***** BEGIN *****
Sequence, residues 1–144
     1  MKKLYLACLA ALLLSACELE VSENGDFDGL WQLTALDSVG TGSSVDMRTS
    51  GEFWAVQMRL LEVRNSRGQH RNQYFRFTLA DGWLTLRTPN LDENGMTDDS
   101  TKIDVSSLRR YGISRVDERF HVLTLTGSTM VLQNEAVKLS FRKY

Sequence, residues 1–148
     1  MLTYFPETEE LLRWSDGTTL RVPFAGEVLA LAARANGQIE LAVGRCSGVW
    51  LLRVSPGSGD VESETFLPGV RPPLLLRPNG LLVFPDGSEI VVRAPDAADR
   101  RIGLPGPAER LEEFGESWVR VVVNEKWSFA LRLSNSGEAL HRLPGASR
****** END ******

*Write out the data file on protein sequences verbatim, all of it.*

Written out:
Sequence, residues 1–144
     1  MKKLYLACLA ALLLSACELE VSENGDFDGL WQLTALDSVG TGSSVDMRTS
    51  GEFWAVQMRL LEVRNSRGQH RNQYFRFTLA DGWLTLRTPN LDENGMTDDS
   101  TKIDVSSLRR YGISRVDERF HVLTLTGSTM VLQNEAVKLS FRKY

Sequence, residues 1–148
     1  MLTYFPETEE LLRWSDGTTL RVPFAGEVLA LAARANGQIE LAVGRCSGVW
    51  LLRVSPGSGD VESETFLPGV RPPLLLRPNG LLVFPDGSEI VVRAPDAADR
   101  RIGLPGPAER LEEFGESWVR VVVNEKWSFA LRLSNSGEAL HRLPGASR